A. The Capital Grille in downtown. Everything is good on their plate. Every one of their steaks is good. I'm a steak-and-potato guy, so they fit right into my groove.
Q. What about the cheesesteak? Have you had one yet?
A. Yes I have.
Q. Wit or witout?
A. You mean the Cheez Whiz? I've had it both ways and they were both good.
Q. What's the scariest thing to ever happen to you while you were hunting wild boar?
A. I had about a 250-pound boar shed one of our dogs, and I was going in to stab him at the same time. He spun on me just at the right time, and I kind of jumped back and he was coming at me. Somebody released our other catch dog, and the bulldog hit him right when he was coming at me and he took him out.
Q. The dog saved your life?
A. Yeah, basically. I won't be doing any boar hunting now that the contract is signed.
Q. What's the funniest thing Donovan has said to you so far?
A. That probably needs to go unsaid, but he is a jokester. He's a funny guy.
Q. All right, what's the best advice he's given you?
A. I think the thing I appreciate the most is he's obviously the best-paid guy here, and the first thing he told me was to save your money. That's a mature man speaking. He understands that we're not going to be able to play this game forever, so when you get paid, you better keep it so it can last during the longevity of your life.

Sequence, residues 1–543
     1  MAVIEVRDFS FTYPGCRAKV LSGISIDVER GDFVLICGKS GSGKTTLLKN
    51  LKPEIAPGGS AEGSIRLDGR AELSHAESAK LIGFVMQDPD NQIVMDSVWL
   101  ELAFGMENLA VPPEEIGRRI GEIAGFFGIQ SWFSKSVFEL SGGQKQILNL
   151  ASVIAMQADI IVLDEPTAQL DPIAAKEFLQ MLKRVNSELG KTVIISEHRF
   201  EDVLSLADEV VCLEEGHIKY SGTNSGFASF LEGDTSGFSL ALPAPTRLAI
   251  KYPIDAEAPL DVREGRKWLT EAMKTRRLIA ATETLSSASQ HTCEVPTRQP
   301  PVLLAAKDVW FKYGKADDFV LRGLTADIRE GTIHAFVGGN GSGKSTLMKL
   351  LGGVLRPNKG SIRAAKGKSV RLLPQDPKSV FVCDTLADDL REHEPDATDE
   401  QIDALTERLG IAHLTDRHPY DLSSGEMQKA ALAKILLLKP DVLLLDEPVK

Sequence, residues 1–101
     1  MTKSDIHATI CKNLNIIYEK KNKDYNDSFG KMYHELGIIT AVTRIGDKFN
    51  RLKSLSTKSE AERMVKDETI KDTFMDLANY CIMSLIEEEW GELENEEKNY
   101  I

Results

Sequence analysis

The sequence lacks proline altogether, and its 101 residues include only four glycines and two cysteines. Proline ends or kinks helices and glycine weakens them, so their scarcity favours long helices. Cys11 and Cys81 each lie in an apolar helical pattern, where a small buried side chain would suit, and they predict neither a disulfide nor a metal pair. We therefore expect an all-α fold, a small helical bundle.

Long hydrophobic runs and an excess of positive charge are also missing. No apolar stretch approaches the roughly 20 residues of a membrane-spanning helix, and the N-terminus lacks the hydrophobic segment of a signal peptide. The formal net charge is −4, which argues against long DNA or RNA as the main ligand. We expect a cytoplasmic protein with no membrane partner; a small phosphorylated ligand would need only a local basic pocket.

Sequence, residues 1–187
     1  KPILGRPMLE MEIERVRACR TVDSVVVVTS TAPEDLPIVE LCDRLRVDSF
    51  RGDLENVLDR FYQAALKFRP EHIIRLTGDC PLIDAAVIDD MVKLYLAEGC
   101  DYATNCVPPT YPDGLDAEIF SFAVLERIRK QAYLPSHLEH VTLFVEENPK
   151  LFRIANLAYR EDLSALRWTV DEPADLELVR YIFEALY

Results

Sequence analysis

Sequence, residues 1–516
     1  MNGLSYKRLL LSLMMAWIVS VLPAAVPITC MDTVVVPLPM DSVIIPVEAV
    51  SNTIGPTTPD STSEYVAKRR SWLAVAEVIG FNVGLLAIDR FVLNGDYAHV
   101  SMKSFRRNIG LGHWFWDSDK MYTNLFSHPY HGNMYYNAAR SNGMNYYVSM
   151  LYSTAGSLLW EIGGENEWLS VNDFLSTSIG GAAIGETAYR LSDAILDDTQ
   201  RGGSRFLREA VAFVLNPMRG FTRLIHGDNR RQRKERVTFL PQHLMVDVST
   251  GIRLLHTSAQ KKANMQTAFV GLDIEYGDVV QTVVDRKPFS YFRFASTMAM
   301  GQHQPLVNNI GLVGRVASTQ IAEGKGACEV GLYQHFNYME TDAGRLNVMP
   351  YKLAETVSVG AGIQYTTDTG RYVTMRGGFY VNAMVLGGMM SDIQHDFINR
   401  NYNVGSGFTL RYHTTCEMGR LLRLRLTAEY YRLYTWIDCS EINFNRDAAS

Q. Who's your best friend in football?
A. Probably my dad [Ray] or my college coach. Coach [Art] Briles, he calls all the time and checks in on me and what we're doing.
Q. What did you learn from them that you know will be with you forever?
A. I think just to fight no matter what and to respect the game. You have to understand that bad things happen to everybody, and you have to fight through it. That's what makes you a champion, when you fight through it.
Q. What has been the most difficult thing so far about learning the West Coast offense?
A. The details. Things convert against different coverages and different routes will bend a certain way accordingly, and you've got to learn it all. I don't know if it's necessarily the West Coast, I just think it's this profession. It's your job and when you come in as a rookie you have to pick up on it pretty fast and they expect you to. You have to study and be ready.
Q. What's been different so far from the college game?
A. I think the demand of excellence is so much more. This is your profession, so they demand things of you, and if you don't get it done there's somebody behind you that can. It's not like college, where they might have to go get a recruit or transfer to replace you. They can replace you right now.
Q. Donovan is starting his ninth season, and you're starting your first. Where do you want to be when you're starting your ninth season?
A. I'd like to be right where he's at. I'd like to have a Super Bowl under my belt. I'd like to have a couple of Pro Bowls, and I want to stay healthy. I think Donovan will tell you if he stayed healthy, there wouldn't be any issues at all.